At the Wigmore Hall in London you are more likely to spot a wheelchair – and this is not to be ageist, or prejudiced, in any way – than a pushchair. So seeing the sober hallway of perhaps the world’s most august chamber music venue turned into a park for baby-buggies was something of a shock. And it wasn’t just that parents were using the space for parking while they carried babes-in-arms into neighbouring boutiques or cafés with limited space; no, the hall itself, normally hushed except for the finest chamber music and the occasional whine of an ill-tuned hearing aid, was crawling (literally) and alive with the sounds of happy infants.
I had come, as the godfather, not father of a baby, to attend a concert in the Wigmore’s occasional 11am programme for new parents and babies called For Crying Out Loud, which is part of a wider outreach programme aimed at young children. You sometimes worry at Wigmore concerts that certain people among the knowledgeable audience of grey- or white-haired music-lovers might not make it through the evening, so it was heartening to witness the emergence of a cohort at the other extreme of age. In the event I found this not only one of the more enjoyable concerts I have attended recently, but also one that suggested the possibility of a new approach to concert-going and concert etiquette. Could it be that babes have something to teach us oldies about how to enjoy music?
As I waited for my companions, the first strains of the opening Allegro non troppo of Brahms’s E minor cello sonata floated through the closed doors. Now this is one of my all-time favourite pieces of music, but not something I would expect to be especially suitable for babies; in terms of dark and moody passion, this is X-rated stuff. After a few bars, greatly impressed by the sounds I was hearing from the young Icelandic-German Duo Isold, I snuck into the hall (another advantage of baby concerts: you can come and go as you please).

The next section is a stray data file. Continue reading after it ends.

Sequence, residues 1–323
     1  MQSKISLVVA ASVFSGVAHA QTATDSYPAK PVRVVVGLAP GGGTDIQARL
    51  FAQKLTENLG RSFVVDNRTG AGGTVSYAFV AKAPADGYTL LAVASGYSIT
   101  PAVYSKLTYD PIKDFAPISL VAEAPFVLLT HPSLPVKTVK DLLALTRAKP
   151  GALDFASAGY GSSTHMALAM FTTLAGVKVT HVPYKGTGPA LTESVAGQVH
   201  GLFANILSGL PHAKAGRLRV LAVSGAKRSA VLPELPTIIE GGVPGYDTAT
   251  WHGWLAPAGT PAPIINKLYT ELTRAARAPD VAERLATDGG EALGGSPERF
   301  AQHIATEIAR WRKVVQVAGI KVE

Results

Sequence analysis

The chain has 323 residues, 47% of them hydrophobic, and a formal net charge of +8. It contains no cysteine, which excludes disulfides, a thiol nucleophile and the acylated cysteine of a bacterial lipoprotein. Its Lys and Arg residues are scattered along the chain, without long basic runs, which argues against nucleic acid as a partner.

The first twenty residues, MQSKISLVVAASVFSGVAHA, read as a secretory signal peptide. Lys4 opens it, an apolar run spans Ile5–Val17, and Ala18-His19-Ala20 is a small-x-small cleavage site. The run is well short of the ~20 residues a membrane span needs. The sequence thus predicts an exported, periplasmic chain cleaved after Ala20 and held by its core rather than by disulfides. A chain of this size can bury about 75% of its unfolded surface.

Brahms was holding his own. A baby in front of me turned around and made funny faces, used the back of the seat for some gentle percussion, and then tried eating the programme – but all in the best of spirits and without the suggestion of a wail. Some mothers took their infants into the aisles and swayed rhythmically to the music. Play mats were available but I didn’t see them in use.
The Duo Isold played not just with musicality but also with appropriate professional pride at performing on such a great stage. There was no sense of them using the musical equivalent of baby-talk. Apparently it is not “baby music” that goes down best with babies. “The groups who audition for these concerts generally programme lullabies,” an usher told me. “But the music the babies respond best to is vigorous, upbeat music.”
The babies kept remarkably quiet through the Brahms and the next piece, the nervy second movement of Shostakovich’s D minor cello sonata; they were a little noisier in the very quiet Adagio from Sonata No 1, Illusions, commissioned by the Duo Isold from the contemporary composer Carter Callison who studies with them at the Royal Academy, and then really quite vociferous in a piece entitled Le Grand Tango. That could have been a combination of excitement and tiredness. But above all the atmosphere was joyful and relaxed, not two adjectives always applicable to classical concerts.
One thing that militates against joy and relaxation is excessive self-consciousness. Babies up to the age of one are not really self-conscious, and that rubs off on the adults. For the ebullient Kazakh violinist Aisha Orazbayeva, who performed in a For Crying Out Loud concert earlier this year, this raises interesting questions: “What if we always stayed like babies and did exactly what we wanted to do?” Might that not bring about a “very genuine and honest response to music”?
Though aimed at very young listeners, the Wigmore’s children’s programmes are not about using music as a means to an end, but about the benefit of “music for music’s sake”. Just after the babies’ concert, I returned to the Wigmore to hear the Tokyo String Quartet, in their farewell season, play Haydn and Bartok. The slow movement of Haydn’s late Rider quartet, played with several lifetimes’ worth of experience and depth, was sublime enough to bring tears to this adult’s eyes, and perhaps open a baby’s ears.
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